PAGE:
"Thing", Light Please!




A nice chandelier inspired Thing of the Addams family.
A hand reaches out from a mysterious box in the ceiling and holding a light bulb. I love this idea!

Now I'll try to explain how I realize it.

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Step 1: Realization of the Hand

First, I am dedicated to the realization of "Thing" and I ​​used the technique of papier-mâché then I created a silhouette of my hand using wire mesh. I tried to be as accurate as possible. I overlapped many trips of paper and I collated in with plenty of vinyl glue.

When the paper was dry, the hand had to be plaster. I covered the whole hand using a brush and a spatula. At this stage I tried to correct the imperfections due to the mesh, holes, depressions, bumps, etc...

When the grout was still not completely dry, I sponged the surface with a damp sponge, this helped to level out well and you avoided having to sand with sandpaper later.

Then I colored the hand with a paint spray.

Step 2: The Box

The box has a hole in the bottom to pass electrical wires and a lath with a hook to hang the box. This has been colored with spray paint, too.
The hand has been attacked to the box using a bracket and the bracket has been locked in hand with polyurethane foam.

Step 3: The Work Is Done!

The holder has been attached to the fingers with silicone. The cover has held in place with a hook kitchen and a rubber band.
I fixed the electrical system and the work is done.

The cost of the chandelier is very low.

For Italian version visit http://www.tutorial360.it/default/tutorial.php?id=237

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    24 Discussions


    6 years ago on Step 3

    neat idea, something that my wife would love


    6 years ago on Introduction

    The original formula I found was just a standard paper Mache formula used with dryer lint instead of newspaper. It was basically 2:1 water to flour, heated. I do a lot of paper craft and paper sculpture so I have made many changes and revisions over the years. Most of the time I use one of three recipes depending on what I am doing.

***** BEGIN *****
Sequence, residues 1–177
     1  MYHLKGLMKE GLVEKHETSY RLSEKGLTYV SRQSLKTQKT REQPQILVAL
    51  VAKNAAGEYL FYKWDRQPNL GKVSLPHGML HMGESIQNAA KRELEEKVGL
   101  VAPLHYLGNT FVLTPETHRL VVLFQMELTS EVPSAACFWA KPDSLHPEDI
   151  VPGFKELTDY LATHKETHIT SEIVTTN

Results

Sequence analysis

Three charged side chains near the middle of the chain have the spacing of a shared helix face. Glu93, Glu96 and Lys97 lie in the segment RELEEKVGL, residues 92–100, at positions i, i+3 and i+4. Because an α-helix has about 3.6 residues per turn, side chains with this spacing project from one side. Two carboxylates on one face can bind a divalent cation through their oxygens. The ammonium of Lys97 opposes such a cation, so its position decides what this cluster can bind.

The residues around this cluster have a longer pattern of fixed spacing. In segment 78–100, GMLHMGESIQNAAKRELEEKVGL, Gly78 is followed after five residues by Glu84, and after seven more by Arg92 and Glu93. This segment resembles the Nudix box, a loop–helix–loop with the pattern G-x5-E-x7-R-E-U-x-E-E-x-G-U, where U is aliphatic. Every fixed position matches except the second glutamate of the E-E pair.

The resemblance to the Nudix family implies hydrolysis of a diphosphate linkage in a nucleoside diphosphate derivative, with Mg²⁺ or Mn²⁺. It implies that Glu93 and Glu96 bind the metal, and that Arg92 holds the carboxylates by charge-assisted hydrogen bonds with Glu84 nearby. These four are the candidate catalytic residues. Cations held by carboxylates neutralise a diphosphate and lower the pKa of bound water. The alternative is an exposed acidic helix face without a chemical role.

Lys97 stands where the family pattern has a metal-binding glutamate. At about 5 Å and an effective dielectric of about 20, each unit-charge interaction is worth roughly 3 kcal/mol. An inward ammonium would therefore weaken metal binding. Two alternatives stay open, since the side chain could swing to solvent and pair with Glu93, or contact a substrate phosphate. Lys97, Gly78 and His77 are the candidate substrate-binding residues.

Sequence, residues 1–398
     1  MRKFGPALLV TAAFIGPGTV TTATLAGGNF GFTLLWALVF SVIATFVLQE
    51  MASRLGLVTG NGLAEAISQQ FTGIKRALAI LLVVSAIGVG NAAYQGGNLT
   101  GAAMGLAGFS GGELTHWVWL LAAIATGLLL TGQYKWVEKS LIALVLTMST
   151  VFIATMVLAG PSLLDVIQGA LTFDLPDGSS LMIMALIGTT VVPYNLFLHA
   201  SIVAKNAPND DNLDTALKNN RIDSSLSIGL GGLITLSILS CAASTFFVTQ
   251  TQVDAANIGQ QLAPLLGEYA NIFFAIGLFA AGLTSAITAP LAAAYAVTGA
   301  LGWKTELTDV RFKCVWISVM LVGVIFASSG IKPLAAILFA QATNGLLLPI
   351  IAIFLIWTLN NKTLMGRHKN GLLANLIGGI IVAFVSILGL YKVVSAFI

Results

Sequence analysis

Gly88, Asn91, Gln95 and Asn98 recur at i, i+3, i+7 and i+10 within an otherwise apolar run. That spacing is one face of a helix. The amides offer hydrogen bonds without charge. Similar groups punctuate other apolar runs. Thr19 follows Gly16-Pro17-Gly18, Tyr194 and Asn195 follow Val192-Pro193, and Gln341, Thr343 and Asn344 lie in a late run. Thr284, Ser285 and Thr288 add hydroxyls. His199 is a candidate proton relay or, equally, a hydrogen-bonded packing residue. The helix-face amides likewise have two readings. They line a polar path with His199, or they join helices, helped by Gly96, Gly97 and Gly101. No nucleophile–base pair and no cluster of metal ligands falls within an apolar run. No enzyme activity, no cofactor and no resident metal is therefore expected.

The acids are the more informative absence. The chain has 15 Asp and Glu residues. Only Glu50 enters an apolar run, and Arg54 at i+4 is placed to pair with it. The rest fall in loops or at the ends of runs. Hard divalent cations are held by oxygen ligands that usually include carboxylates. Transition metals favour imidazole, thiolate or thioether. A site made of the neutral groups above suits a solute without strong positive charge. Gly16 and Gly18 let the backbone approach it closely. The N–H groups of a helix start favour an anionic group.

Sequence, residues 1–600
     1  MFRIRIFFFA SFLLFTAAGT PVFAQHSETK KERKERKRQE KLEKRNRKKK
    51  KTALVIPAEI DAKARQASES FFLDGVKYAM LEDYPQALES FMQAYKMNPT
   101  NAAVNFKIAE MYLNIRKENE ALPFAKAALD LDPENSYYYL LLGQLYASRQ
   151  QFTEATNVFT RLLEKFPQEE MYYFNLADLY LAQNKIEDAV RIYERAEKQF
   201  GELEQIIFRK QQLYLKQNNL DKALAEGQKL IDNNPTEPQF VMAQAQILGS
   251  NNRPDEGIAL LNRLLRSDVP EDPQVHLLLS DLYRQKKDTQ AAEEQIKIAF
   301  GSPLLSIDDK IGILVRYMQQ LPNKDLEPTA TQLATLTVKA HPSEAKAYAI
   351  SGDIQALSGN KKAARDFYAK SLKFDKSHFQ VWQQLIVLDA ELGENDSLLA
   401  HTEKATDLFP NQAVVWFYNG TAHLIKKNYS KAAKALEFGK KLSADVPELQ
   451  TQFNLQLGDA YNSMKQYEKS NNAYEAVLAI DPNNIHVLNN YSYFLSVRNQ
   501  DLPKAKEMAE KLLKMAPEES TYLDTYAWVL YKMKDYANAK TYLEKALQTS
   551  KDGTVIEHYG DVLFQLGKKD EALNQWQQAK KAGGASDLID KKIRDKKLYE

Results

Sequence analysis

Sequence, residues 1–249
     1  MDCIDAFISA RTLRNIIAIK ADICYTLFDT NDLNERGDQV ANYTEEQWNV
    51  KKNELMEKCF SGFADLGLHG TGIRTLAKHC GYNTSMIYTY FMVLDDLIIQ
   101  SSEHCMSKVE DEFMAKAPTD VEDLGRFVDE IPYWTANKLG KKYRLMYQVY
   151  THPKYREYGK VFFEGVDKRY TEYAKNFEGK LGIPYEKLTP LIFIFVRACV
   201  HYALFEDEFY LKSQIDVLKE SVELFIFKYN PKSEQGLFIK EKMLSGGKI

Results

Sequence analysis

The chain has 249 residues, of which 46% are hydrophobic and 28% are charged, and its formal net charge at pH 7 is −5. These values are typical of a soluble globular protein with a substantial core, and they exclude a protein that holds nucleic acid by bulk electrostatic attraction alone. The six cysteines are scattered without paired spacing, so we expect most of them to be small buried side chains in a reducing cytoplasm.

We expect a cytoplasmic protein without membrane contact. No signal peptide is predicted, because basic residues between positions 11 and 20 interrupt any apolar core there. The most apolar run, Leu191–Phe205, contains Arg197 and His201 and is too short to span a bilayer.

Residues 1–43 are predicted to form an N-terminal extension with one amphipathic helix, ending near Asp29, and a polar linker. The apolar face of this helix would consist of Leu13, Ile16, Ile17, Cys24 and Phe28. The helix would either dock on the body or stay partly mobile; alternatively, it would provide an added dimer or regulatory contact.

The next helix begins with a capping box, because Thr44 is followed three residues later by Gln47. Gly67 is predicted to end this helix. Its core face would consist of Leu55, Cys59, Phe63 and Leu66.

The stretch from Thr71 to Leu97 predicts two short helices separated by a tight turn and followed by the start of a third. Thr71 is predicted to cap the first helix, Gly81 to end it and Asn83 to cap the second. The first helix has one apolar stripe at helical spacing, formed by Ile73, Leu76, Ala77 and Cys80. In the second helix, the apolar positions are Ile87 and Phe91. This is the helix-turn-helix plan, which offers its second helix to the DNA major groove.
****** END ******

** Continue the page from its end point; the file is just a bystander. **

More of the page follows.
If I am just covering something with strips of newspaper, I use a basic paste.
    2 c. water
    1 c. all-purpose flour
    1/4 c. sugar
    1 tbsp salt
    1 tbsp alum
    mix well, heat until thick

    If I need to fill in a mold or create detailed sculpture I use this:
    1 c. of basic paste (see above)
    1/4 cup Elmer's glue-all
    1 c. all-purpose flour
    1 c. joint compound (powdered form)
    1 tbsp oil (I just use an oil that smells good, I don't think the type would matter)
    Water + Finely shredded paper or toilet paper

    Soak the paper in water until it is a thick, gooey, glob of pulp. Strain out excess water, Mix ingredients. Slowly add the ingredients to the paper. Add water as needed until you get a thick, spreadable constancy.

    When you work with it you can shape it very nicely, but I have found that if I keep trying to smooth it too much it just pulls apart. I usually let it dry, then sand it to smooth and use a final coat of the next recipe.

    When I want to finish off a paper Mache sculpture I create a sort of "slurry" mix using the following:
    Previous recipe before adding paper
    dryer lint, extra glue-all and water
    create the same as previous except use dryer lint, then add glue-all and water to thin the mixture as needed fill in gaps and smooth out the finish.

    If an even smother finish is required, use pure joint compound as a slurry but work quickly since it hardens quickly.

    I have been trying to work out a new recipe using reconstituted paper mache but I have not perfected it yet. I want to get something with the constancy of paper mache that has joint compound in it, but with a much longer working time and a less grainy texture.

    1 reply

    Reply 6 years ago on Introduction

    Thank you for your detailed answer.
    I'll try the formula to create something for Christmas.

    It would be more interesting to rig it so that when you turn the light on, the hand comes out of the box and returns when you turn it off!

    4 replies

    It would be fairly easy to modify. Just install a small servo motor, relay, a couple of stop switches. The relay would have to be wired so that when the power drops below a certain voltage, it triggers the servo motor to switch directions. The stop switches keep the motor from extending/retracting too far.


    6 years ago on Introduction

    I love this. I want to make one, or some version of the same thing.

    I would consider using a plastic form fitting glove to create the hand.

    Another random tip: I know this sounds weird... but a few years ago I found a paper mache formula that uses dryer lint. I know... it sounds super weird, but I tried it and it works. I was able to create a much smoother finish with the lint layer than with any other formula I have used. It was very nice.

    1 reply

    Reply 6 years ago on Introduction

    I would love if you told me something more precise on this formula, I have in mind to do other things in paper mache.


    Reply 6 years ago on Introduction

    is a great idea, but with a child of three years in the house would pass the day to clap! :D